At the same time, Bernanke’s attempt to improve the way the Fed communicates has misfired and often left investors confused, partly because he has repeatedly shifted course over the future direction of interest rates. His hero, Milton Friedman, is said to have warned against an indecisive Fed acting like a “fool in the shower” fumbling with first the hot water and then the cold. Bernanke has gotten close. Perhaps worst of all, he has failed to persuade investors that the Federal Reserve, which was formed in 1913 for the very purpose of halting market panics, is up to the job. “Bernanke is seriously behind the curve,” says David Rosenberg, chief North American economist for Merrill Lynch, one of many critics who maintain that the Fed has not responded to the crisis with sufficient vigor.
For Bernanke, who is now 54, it has been an education unlike any at M.I.T. And yet there is a case to be made that he has made many more right moves than wrong ones. The current crisis is a hangover from a half-decade of heady speculation in both housing and home mortgages and does not necessarily admit to a speedy fix. Moreover, it has fallen into Bernanke’s lap just as oil prices have spiked to a record $100 a barrel, the dollar has hit an all-time low against the euro and unemployment has ticked upward. None other than Alan Greenspan has said that constellation of problems facing Bernanke is tougher than anything he experienced in the 18 years that he held the job.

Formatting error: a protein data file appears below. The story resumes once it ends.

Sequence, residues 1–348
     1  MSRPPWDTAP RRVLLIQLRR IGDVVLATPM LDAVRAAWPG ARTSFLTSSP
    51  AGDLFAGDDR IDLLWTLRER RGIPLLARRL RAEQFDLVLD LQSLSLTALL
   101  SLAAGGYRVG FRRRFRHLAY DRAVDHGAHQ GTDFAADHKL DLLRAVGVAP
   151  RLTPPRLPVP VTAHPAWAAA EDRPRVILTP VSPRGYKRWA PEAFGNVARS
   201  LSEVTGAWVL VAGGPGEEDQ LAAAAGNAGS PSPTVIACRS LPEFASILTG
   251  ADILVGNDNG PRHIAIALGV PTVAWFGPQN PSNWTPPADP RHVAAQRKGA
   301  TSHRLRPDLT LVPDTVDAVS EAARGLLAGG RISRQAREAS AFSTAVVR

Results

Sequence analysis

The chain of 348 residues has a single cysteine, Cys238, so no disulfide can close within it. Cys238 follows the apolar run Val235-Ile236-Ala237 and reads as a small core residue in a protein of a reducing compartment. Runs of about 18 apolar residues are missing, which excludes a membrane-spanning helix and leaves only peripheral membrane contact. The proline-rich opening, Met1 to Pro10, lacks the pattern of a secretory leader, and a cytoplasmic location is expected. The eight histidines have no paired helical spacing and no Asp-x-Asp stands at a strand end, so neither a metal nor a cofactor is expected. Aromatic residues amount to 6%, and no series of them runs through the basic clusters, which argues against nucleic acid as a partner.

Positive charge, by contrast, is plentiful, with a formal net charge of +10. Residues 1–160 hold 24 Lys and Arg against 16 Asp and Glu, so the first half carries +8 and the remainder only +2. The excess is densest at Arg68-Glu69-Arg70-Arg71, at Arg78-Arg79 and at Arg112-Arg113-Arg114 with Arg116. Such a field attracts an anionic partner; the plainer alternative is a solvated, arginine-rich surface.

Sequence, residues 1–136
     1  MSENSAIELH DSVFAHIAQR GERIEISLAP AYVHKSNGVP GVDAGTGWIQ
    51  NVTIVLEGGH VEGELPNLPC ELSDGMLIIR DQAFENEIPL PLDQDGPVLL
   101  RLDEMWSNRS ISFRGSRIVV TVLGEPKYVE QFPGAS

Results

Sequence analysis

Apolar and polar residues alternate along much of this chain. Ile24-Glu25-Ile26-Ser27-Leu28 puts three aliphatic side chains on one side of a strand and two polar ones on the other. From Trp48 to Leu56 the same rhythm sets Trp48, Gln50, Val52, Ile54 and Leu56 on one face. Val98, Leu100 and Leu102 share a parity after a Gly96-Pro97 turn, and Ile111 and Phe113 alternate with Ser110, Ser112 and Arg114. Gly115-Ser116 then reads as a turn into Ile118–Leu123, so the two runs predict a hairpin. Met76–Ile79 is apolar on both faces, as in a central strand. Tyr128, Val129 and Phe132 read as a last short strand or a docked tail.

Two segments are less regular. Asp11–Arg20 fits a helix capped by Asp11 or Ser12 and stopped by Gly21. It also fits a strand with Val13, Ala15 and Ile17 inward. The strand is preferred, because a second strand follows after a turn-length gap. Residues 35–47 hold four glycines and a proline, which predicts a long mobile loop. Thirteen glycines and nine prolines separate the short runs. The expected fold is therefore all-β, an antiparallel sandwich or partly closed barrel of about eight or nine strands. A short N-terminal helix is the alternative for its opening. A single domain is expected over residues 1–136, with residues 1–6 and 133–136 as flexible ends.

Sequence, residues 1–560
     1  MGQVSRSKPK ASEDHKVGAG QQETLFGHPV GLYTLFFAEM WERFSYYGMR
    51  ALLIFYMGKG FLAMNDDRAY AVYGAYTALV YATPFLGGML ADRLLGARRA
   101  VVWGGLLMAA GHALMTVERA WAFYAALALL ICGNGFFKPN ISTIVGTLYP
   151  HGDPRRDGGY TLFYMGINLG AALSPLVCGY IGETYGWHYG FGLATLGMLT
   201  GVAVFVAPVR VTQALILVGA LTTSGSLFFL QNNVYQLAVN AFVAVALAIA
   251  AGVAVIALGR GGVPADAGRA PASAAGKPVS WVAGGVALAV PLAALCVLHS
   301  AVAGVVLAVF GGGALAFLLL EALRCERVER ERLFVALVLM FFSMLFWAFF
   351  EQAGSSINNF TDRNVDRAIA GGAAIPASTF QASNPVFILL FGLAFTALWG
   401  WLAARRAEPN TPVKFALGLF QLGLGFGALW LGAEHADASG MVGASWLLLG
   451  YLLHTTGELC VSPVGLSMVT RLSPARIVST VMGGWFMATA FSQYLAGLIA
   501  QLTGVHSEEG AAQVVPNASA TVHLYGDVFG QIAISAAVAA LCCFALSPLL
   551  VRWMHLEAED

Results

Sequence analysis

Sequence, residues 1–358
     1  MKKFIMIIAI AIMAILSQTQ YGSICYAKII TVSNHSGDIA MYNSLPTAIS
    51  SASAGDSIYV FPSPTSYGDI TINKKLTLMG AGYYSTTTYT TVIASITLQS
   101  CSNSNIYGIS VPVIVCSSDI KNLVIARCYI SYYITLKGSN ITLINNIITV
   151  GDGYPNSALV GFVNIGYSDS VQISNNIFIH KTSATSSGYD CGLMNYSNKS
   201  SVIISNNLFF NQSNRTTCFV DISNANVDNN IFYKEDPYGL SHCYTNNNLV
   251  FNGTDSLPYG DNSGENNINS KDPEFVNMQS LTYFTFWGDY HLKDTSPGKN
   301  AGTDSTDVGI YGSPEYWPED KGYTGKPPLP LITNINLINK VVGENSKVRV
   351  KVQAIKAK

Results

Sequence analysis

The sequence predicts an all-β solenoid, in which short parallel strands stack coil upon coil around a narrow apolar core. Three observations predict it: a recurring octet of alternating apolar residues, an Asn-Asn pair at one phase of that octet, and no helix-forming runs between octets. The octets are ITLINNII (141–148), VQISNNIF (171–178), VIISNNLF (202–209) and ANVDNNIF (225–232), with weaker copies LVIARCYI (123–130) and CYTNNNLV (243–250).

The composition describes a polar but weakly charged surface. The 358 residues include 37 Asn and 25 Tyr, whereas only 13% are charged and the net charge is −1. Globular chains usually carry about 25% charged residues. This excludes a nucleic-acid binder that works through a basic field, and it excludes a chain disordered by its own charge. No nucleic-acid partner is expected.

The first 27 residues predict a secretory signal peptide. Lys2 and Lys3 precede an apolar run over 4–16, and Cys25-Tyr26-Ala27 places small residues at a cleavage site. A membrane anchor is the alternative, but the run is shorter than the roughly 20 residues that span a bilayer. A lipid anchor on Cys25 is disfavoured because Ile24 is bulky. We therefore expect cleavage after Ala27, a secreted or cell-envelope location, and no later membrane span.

Many observers, including Lawrence Summers, the former Treasury secretary, as well as a group of bearish stock traders, say the United States may already be sinking into a recession. The rise in unemployment reported two weeks ago stoked those fears. The White House has started talking about proposing relief. And just recently, Bernanke sent the clearest signal yet that the 17-member Federal Open Market Committee (which governs the Fed’s interest-rate policy, and over which Bernanke presides) would cut interest rates when it meets at the end of the month. In a speech, Bernanke warned that “the downside risks to growth have become more pronounced,” a gloomier assessment of the economy than he had given previously.